Tippi Hedren and waxwork Alfred Hitchcock
Tippi Hedren and waxwork Alfred Hitchcock

Madame Tussauds, Hollywood, re-opens on August 1, 2009, in its new home, next to the historic Grauman’s Chinese Theatre on Hollywood Boulevard. The all-new $55 million attraction, build from the ground up, will take guests on a unique, immersive and emotionally-charged journey interacting with their favorite celebrities, spread over three floors and 18 themed zones, allowing them to step into elaborate sets that create a memorable experience.

Leading up to the grand opening, Madame Tussauds is hosting several events, including having film veteran Tippi Hedren unveil a new wax figure of Alfred Hitchcock in the courtyard of Graumen’s Chinese Theatre. Hedren, who starred in two Hitchcock movies, The Birds and Marnie, did double duty, also being on the panel that would judge the ‘Scream Test,’ where participants had an opportunity to have his/her scream immortalized in the Madame Tussauds attraction.

Vying for attention just a few steps away from the event, was Michael Jackson’s star on the Hollywood Walk of Fame, which was filled to overflowing with photos, notes of love and stuffed animals.

After the unveiling of ‘Mr Hitchcock’ and the ‘screaming’ I got to speak with Tippi Hedren about Alfred Hitchcock and her Shambala Preserve, which houses some 70 animals, including lions, tigers, leopards, mountain lions and bobcats.

You were a part of the panel judging the screamers, what were you looking for?

We were kind of looking for the screams that were bloodcurdling, and we found several, and the last one was really good, it was like she was really frightened, it wasn’t just a scream. When I was doing Marnie, I was supposed to scream and that can be very, very hard on your throat, and Hitchcock wouldn’t let me do it, they had a screamer, because there are those people who make a profession out of screaming. I hope all these kids are going to be okay. Screaming can really hurt you.

Can you talk about working with Alfred Hitchcock?

I was so lucky to have Alfred Hitchcock as not only my director but he was my drama coach, because The Birds was my first film. I had had a lot of experience with commercials, so I had a technical background, but becoming a character, somebody else, is a whole other thing and he guided me so beautifully that I still use all of the techniques that he gave me. I was very fortunate.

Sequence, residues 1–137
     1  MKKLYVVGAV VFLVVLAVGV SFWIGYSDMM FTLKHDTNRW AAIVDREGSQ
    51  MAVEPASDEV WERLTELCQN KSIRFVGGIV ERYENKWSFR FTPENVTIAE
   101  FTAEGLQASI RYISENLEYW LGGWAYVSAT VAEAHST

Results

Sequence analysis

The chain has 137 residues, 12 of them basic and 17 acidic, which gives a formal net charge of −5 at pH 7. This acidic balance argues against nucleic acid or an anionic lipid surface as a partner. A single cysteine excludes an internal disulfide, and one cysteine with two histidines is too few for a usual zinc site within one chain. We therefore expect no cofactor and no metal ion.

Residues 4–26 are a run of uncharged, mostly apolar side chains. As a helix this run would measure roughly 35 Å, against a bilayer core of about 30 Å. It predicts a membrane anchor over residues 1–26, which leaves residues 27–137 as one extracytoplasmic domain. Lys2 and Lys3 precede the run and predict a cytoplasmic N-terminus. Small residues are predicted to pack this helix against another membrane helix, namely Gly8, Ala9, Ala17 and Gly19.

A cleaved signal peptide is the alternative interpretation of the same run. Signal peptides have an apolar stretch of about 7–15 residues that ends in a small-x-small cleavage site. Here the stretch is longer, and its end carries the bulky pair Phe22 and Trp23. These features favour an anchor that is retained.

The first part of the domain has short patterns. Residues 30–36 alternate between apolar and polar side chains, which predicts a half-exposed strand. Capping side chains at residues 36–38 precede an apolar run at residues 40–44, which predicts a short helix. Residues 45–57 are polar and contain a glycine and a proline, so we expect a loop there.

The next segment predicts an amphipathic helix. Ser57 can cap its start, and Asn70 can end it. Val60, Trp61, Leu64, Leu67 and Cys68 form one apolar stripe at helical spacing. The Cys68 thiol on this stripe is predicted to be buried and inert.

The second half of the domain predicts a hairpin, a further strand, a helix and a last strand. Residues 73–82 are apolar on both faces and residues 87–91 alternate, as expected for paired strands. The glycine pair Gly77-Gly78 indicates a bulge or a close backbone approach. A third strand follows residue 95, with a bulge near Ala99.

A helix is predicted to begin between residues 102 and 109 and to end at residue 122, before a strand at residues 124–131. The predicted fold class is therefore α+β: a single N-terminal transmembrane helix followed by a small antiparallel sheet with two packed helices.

Were you pleased with the replica?

The replica is almost frightening it’s so good, I was right up there and you can see all the lines, the blood vessels, it’s just awesome to see it. I saw a lot of Alfred Hitchcock, and [the wax figure] is a perfect image of him.

What have you been up to these days?

Tippi Hedren
Tippi Hedren

I’m so busy it’s absurd.  I’m taking care of the exotic [animals] that have been born in the United States, lions and tigers, to be sold as pets, and of course they are not pets, they’re predators and they have no business being somebody’s pet. [Also] I’m working on a bill in Washington to stop the breeding of these animals, because there are so many people that have been hurt, children and adults, 38 in the last five years have been killed and close to 600 have been injured. This is insanity. I’m still acting, just really busy.

I understand that you have two of Michael Jackson’s Bengal tigers at your Sambala Preserve?

Yes, we have Thriller and Sabu. They’ve been with us since 2005, and they’re just beautiful, and I’m glad they’re with us for the rest of their lives. We are a sanctuary, which means no breeding, no buying, no selling, no trading, so that when something happens to me we won’t become one of the problems, because there are so many animals out there that need a home, and we just want to do it very responsibly. All of the animals at Shambala are so content just being where they are, it’s really wonderful

Had you met Michael?

He was going to come out at one point and we had a lunch ready to go and all of a sudden he had to cancel, which is too bad. It would have been nice for him to see where they were living. I’m sorry about that.


Judy Sloane

Judy is Film Review Online's regular Los Angeles based reporter.